The various lockdowns across Australia over the last 17 months have had positive and negative impacts on core commercial property assets and sectors overall. The experience tells us something about how commercial property may recover from the latest series of lockdowns.
First, lockdowns have impacted those businesses which occupy commercial property, especially small business – those with a heavier reliance on short-term cash-flow. Retail property has been most impacted here, with thousands of retail outlets closed intermittently and reliant only on online shopping, if possible.
Some stores have not re-opened and this has pushed retail vacancy rates up in areas of greatest impact, such as CBDs and in the very largest shopping centres. CBD retail, for example, has seen its specialty retail vacancy rate across Australia increase to 12.5% against a long-run average of 5.1%. This has impacted on rents with Australian prime CBD retail (average weighted) rents decreasing 11% over the past year to June 2021.
Retail had been undergoing structural changes before the pandemic hit, with the growth of online retail noticeably accelerating during the lockdowns, especially in areas of discretionary spending, such as clothing and footwear.
In contrast, trading in supermarkets and in large format retail (with tenants such as Officeworks, Harvey Norman and JB Hi-Fi) have boomed. As a result, the property indicators have all improved. With vacancy rates kept in check for neighbourhood centres and large format tetail, this has led to slight increases in average gross rents and a tightening in cap rates for both these sub-sectors.
The work-from-home phenomenon has made the future of the office of personal interest to many. Yet, free from lockdowns in the first half of 2021, 10 of the 19 monitored office submarkets around Australia experienced an expansion in occupied space, as did the sum of all these submarkets. This expansion will now stall during the current lockdowns, but it showed when conditions are right, the office remains in demand and ready to return as a central part of Australia’s economy.
Ironically, it’s the completion of 1.2 million square metres of new office space over the last 18 months which has had the bigger impact, especially in Melbourne and Sydney. It’s pushed vacancy to the highest level in 30 years. This has lifted leasing incentives offered by owners, although face rents remain stable for now.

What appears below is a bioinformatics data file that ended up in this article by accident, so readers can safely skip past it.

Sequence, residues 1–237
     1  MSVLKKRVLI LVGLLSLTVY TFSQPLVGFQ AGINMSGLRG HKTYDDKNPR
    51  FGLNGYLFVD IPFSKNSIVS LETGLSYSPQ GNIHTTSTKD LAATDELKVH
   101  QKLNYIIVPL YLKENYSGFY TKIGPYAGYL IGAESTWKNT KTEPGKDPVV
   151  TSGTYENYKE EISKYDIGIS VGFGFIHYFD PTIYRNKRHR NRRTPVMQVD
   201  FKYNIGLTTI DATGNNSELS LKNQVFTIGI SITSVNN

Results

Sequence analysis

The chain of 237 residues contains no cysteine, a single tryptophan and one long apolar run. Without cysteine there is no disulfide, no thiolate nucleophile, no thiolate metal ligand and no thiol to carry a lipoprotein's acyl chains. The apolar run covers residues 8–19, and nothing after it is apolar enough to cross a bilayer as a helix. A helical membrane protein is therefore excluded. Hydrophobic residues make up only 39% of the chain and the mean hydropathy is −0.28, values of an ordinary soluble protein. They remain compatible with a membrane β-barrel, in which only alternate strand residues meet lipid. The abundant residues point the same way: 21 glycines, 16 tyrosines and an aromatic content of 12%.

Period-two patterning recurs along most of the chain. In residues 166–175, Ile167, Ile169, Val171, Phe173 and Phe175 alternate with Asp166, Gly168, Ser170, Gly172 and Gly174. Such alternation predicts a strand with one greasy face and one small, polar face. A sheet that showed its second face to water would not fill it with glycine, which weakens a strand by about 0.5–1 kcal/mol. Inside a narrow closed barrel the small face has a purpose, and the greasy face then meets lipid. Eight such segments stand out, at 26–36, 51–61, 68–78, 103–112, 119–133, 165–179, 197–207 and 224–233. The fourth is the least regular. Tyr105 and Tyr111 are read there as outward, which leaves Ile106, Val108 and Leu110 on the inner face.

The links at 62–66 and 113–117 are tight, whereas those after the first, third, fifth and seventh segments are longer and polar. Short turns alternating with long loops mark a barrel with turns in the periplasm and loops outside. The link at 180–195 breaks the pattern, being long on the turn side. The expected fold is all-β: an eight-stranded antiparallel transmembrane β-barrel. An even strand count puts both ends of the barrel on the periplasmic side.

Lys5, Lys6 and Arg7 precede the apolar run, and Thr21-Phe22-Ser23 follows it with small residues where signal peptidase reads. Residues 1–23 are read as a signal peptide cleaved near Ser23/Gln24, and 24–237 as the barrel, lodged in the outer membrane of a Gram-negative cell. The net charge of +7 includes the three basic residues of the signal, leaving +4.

This competitive office market is causing a ‘flight-to-quality’, as tenants relocate to newer premises; a process which will prolong the 3-5 year recovery expected in the sector. For owners of secondary grade offices, being exposed to vacant space in the short-term may lead to long lease-up periods and the need to provide a high level of leasing incentives, potentially putting pressure on cash-flow.
Meanwhile, the other core commercial property sector, industrial, is doing very well overall. The pandemic has heightened the need for efficient supply-chains, driving demand for more warehouse space and pushing rents and values ever higher. Small business, though, in smaller industrial units, may also be feeling the pressures of the lockdown on their business volumes and property owners need to be sensitive to the prospects for these tenants.
Despite the short and longer term impact the lockdowns have had or are having on the fundamentals of commercial property, investors continue to weigh into the sector at an increasing rate and prices overall remain elevated.
As is often the case, capital markets are moving ahead of fundamentals, but investors (and financiers) need to be aware of those pockets of commercial property where the fundamentals are weak and will take time to recover, such as those mentioned above and treat these carefully.
Now more than ever, the business strength of the tenant and the terms of a lease are of critical importance in gaining comfort around a medium term view of asset performance, to a time when widespread vaccinations can return commercial property to business as usual.